Entwicklungsmöglichkeiten nach schweren Hirnverletzungen mit frontalen Läsionen
|Other Titles:||Developmental opportunities after severe brain injuries with frontal lesions||Authors:||Wentzlaff, Sascha||Supervisor:||Jantzen, Wolfgang||1. Expert:||Jantzen, Wolfgang||2. Expert:||Heubrock, Dietmar||Abstract:||
Developmental opportunities after severe brain injuries with frontal lesions Brain injuries with frontal lesions are an extraordinary challenge from both a theoretical and clinical perspective. The focus of more cognitivist perspectives on this problem area is on disturbances of executive functions, primarily in terms of action and future planning, with simultaneous preservation of memory and intelligence. However, at the same time significant personality changes in affective and emotional levels are being reported, without this aspect having previously been the subject of in-depth analysis. Newer perspectives supported by modern imaging techniques are approaching the emotional aspects of brain injuries (e.g. Damasio), but this has also led to a kind of neurosciences monopoly of interpretation. The present thesis stresses this approach and, based on qualitative research and theoretical analysis, arrives at a much more complex and dynamic description of potential development after TBI. Through concrete case-related descriptions, and by theoretically reworking them, the essay reveals the interlinking of biological, psychological, and social factors in development after severe TBI. In this respect the author is focused explicitly on Vygotsky's concept of the 'zone of proximal development', as well as on considerations closely related to this tradition, those of Anochin regarding the theory of functional systems, of Lurija for neuropsychological syndrome analysis, and those of Jantzen, which refer back to the modern neuroscience and developmental psychology debate that further developed the interdependence of emotional, motivational, and cognitive processes. As a consequence of the thesis results, the author specifically speaks out against the misuse of neuropsychology as mere 'psychological testing', and advances relationship and dialogue as a central element of psychotherapeutic neuropsychology. It is only through adaptive dialogue that the mediation of bottom-up and top-down processes can be improved after severe TBI. Only this triadic structure of a developmental matrix (emotion-cognition-dialogue), in conjunction with the notion of the transitional subject, enables us to conceive of dynamic development after TBI.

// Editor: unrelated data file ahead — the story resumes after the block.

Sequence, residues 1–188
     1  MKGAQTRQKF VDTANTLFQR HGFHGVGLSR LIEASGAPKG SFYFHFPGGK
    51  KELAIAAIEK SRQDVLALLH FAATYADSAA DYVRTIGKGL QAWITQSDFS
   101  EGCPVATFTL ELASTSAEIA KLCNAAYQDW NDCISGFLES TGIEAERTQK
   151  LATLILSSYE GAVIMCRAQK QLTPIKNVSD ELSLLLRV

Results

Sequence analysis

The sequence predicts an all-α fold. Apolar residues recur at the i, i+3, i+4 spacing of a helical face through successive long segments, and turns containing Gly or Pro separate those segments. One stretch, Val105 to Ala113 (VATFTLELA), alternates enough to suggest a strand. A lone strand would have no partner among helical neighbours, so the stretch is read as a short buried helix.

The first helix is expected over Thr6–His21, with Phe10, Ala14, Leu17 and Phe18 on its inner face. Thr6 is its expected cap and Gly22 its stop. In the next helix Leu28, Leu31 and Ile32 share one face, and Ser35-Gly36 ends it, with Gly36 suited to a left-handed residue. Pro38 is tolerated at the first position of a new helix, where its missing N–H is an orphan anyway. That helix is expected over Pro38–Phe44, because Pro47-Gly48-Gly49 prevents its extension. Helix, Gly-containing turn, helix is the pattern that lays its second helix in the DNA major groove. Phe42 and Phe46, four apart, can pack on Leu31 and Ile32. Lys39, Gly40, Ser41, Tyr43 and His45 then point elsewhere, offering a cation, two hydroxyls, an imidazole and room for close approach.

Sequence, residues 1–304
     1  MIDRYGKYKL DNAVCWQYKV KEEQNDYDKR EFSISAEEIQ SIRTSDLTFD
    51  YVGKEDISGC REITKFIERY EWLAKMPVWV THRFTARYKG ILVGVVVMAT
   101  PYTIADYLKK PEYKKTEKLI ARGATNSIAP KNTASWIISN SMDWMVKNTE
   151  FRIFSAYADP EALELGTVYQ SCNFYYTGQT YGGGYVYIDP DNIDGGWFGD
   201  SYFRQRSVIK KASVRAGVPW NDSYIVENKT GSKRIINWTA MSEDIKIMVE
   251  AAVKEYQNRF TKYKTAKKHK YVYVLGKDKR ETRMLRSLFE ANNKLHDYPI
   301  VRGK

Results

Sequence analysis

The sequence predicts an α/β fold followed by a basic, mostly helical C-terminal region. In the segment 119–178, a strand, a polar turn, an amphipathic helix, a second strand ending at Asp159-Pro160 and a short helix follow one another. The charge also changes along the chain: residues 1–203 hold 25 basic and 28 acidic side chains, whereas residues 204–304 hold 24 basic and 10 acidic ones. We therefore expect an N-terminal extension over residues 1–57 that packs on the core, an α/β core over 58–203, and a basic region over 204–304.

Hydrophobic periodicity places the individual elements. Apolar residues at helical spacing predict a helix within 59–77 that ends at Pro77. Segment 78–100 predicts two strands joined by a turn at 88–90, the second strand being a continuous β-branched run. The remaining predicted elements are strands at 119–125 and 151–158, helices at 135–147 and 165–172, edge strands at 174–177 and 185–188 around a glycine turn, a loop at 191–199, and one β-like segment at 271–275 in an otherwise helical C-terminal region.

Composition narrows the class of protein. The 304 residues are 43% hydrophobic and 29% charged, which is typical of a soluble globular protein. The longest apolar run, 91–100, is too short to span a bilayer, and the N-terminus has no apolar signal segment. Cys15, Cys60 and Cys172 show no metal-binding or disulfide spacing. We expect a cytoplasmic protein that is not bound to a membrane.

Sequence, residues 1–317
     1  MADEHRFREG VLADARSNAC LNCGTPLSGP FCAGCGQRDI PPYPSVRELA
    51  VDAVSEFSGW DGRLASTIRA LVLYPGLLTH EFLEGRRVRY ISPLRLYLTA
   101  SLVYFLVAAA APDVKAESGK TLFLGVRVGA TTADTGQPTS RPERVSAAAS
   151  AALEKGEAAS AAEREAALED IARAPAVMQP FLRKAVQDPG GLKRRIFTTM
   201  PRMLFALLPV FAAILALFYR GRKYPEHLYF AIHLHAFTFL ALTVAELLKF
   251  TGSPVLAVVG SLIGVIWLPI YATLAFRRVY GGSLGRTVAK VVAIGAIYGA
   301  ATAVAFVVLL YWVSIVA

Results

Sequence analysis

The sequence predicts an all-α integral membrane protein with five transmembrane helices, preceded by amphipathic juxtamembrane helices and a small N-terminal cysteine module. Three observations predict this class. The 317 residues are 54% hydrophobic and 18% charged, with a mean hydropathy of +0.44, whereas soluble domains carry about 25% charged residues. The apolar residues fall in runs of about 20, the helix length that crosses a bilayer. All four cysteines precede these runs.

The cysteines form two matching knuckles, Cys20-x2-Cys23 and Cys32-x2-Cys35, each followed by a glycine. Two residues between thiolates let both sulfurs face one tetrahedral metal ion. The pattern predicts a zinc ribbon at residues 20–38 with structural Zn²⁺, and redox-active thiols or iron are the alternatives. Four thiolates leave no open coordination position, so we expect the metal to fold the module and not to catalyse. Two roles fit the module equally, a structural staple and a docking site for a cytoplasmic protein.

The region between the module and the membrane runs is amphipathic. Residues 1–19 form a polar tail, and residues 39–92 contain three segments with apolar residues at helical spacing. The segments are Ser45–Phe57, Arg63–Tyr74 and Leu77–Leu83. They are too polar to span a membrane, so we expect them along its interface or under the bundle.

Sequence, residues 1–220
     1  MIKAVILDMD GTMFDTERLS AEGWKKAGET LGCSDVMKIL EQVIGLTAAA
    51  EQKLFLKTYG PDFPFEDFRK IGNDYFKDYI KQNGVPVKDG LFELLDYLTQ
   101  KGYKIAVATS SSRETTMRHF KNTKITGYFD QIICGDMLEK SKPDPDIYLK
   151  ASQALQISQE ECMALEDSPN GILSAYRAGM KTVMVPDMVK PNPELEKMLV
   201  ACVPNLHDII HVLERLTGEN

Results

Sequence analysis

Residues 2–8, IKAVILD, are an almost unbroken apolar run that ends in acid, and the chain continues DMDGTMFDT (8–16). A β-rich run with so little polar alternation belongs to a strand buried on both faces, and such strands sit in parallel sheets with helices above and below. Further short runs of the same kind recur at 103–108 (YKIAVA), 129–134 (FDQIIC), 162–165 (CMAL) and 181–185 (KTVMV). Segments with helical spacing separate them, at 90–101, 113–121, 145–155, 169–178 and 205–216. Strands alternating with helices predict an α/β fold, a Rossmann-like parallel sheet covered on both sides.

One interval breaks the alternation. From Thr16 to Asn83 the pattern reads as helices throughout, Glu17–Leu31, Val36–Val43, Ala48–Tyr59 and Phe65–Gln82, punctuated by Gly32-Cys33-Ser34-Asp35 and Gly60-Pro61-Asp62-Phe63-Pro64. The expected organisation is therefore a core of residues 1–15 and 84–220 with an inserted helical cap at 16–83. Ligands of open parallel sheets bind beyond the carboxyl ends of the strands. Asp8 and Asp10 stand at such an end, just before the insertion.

|Keywords:||TBI with frontal lesions; 'zone of proximal development'; psychotherapeutic neuropsychology; transitional subject; cultural-historical theory; developmental neuropsychology; frontal lesions and emotions||Issue Date:||1-Sep-2014||Type:||Dissertation||URN:||urn:nbn:de:gbv:46-00104047-17||Institution:||Universität Bremen||Faculty:||FB12 Erziehungs- und Bildungswissenschaften|
|Appears in Collections:||Dissertationen|
checked on May 18, 2022
checked on May 18, 2022
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